Posters on the Prison Industrial Complex
May 1 - 30, 2013
Division 9 Gallery
3850 Lemon St
Riverside CA, 92501
951 965 4392
May 17, 2013 • 10 am - 4 pm
Art & Protest: Resisting the Prison Industrial Complex
Location: UC Riverside, INTN 4043 (the fourth floor of the INTN building, on the corner of University Ave. and Canyon Crest Dr.)
Inland Empire Outside the Cage and the Center for the Study of Political Graphics will be hosting a free all-day public symposium at UC Riverside featuring a number of activists, organizations, and intellectuals involved in local, nationwide, and cross-border anti-prison and anti-police struggles.
Discussion Panel Lineup:
10:00 a.m. - "Understanding the PIC and Abolition":
Rachel Herzing (Critical Resistance), Patrisse Marie Cullors-Brignac (Coalition to End Sheriff Violence in LA Jails), Dylan Rodríguez (ucr ethnic studies), DR. E.M. Abdulmumin (The Du Bbois Institute), Jose (Youth Justice Coalition), Diana Zuñiga (CURB)
11:30 a.m. - "The Effects of Incarceration and Communities of Resistance":
Geri Silva (Families Against CA Three Strikes), Vonya Quarles (All of Us or None, Riverside), Leslie (Youth Justice Coalition), Dolores Canales (CA Families Against Solitary Confinement), Ernest (Fair Chance Project), Isaac Ontiveros (Critical Resistance)
2:00 p.m. - "Arts and Resistance":
Solymar Solá Negrón (Proyecto Algarabía), Mary Sutton (Center for the Study of Political Graphics), Carolyn Schutten (UCR Public History), and members of the 'Dignity and Power Quarterly' zine collective
3:30 p.m. - "Closing Remarks":
Andrea Smith (UCR Media Cultural Studies)
Poster/Print making workshops
May 4, 2013 • 2- 6 pm • North Park •
3751 Vine St Riverside, CA 92507 (Mission Inn & Vine)
May 25, 2013 • 12-6 pm • Division 9 Gallery
May 7, 14, & 21 • 7 pm •
Visions of Abolition • Film screenings
University of California - Riverside, INTS 3154
Activities Sponsored by Inland Empire Outside the Cage • email@example.com • 562.587.4438
Prison Nation: Posters on the Prison Industrial Complex features powerful posters from artists, activists, and organizations around the country and the world, cry out against the devastating impact of mass incarceration required and rapidly growing prison industrial complex (PIC).
The United States has the largest prison population in the world-over 2.3 million people behind bars. The U.S. has only 5% of the world's population yet we have 25% of the world's incarcerated population.
The posters in Prison Nation cover many of the critical issues surrounding the system of mass incarceration including: the death penalty, the Three Strikes law, racism, access to education and health care, the growing rate of incarceration, slave labor, divestment, privatization, torture, and re-entry into the community. They show the power of art to educate and inspire.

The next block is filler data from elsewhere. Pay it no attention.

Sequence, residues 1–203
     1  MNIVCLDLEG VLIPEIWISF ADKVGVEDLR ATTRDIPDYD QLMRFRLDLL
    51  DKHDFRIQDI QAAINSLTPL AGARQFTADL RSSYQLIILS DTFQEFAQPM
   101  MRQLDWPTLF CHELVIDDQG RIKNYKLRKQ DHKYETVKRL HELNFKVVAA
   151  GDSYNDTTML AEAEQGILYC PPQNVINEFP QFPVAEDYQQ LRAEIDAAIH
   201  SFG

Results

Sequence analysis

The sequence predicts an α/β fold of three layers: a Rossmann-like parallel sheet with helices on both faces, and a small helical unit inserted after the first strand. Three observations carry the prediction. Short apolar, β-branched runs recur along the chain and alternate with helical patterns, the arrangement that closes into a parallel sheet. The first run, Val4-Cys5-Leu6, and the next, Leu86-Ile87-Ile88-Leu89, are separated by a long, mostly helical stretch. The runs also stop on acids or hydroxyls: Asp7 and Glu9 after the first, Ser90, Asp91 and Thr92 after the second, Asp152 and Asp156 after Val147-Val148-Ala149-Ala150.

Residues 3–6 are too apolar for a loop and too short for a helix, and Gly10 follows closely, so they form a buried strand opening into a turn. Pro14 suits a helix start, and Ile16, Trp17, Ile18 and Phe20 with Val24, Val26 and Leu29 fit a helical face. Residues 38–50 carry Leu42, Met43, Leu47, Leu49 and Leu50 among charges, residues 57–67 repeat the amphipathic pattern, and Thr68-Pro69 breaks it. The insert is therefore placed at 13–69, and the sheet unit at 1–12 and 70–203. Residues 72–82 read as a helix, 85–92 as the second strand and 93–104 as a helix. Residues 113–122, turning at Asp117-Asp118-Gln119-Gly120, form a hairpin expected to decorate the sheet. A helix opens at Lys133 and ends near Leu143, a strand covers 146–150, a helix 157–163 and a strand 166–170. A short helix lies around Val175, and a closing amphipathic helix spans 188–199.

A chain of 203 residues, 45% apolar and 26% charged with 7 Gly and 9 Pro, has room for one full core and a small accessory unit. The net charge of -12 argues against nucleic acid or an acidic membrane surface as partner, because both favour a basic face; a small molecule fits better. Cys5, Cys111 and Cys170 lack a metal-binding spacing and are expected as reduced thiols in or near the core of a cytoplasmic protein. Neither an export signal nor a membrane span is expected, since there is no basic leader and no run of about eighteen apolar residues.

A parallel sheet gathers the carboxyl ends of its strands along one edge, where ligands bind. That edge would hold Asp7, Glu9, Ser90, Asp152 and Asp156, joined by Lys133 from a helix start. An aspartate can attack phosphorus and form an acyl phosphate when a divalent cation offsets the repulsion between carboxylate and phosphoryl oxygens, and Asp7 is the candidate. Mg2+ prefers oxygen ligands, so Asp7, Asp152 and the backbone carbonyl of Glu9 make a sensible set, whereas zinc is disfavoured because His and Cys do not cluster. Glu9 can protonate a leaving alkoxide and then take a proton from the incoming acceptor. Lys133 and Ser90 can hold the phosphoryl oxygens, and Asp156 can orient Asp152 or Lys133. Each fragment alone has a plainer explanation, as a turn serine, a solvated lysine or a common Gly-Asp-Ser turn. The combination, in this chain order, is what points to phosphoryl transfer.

Over two years, CSPG is traveling Prison Nation: Posters on the Prison Industrial Complex, to six locations in the
San Joaquin Valley and the Inland Empire.
Prison Nation photos:
See Installation shots at U.C. Merced Kolligian Library on CSPG facebook
ART & PROTEST:
Resisting the Prison Industrial Complex See January 24 photos on CSPG facebook
CHOWCHILLA FREEDOM RALLY!
See photos of Prison Nation displayed at the January 26 Freedom Rally photos on CSPG facebook
This project is funded by the James Irvine Foundation
and the California Arts Council.
and the Los Angeles County Arts Commission.
Paredes Rebeldes: Street Art from the 2006 Oaxaca Uprising
May 10 – June 29, 2013
Friday, May 10, 2013 7-9 pm
El Mercado La Paloma, Los Angeles
3655 S Grand Ave Los Angeles, CA 90007
Paredes Rebeldes: Street Art from the 2006 Oaxaca Uprising, features over 40 amazing stencils and woodcuts that came out of months of struggle against the repressive government of Oaxaca Governor Ulises Ruiz Ortiz.
What began as a routine teachers' strike for better wages and more resources for students-a strike that had been taking place for 25 consecutive years-erupted into a social movement after Ruiz ordered 3000 police to attack the protestors with tear gas and clubs. People began organizing to take back their community and demand their rights. Within days of the attack, the Popular Assembly of the Peoples of Oaxaca (APPO) had formed as an umbrella group encompassing 365 grassroots organizations which included unions, indigenous people, peasants, women, and artists. Artists' collectives that formed included The Assembly of Revolutionary Artists of Oaxaca (ASAR-O), Lapiztola, and Arte Jaguar, and the walls of Oaxaca exploded with their powerful graffiti, stencils and woodcuts.
This exhibition is partially funded by ArtPlace, Department of Cultural Affairs, City of Los Angeles
and the Los Angeles County Arts Commission.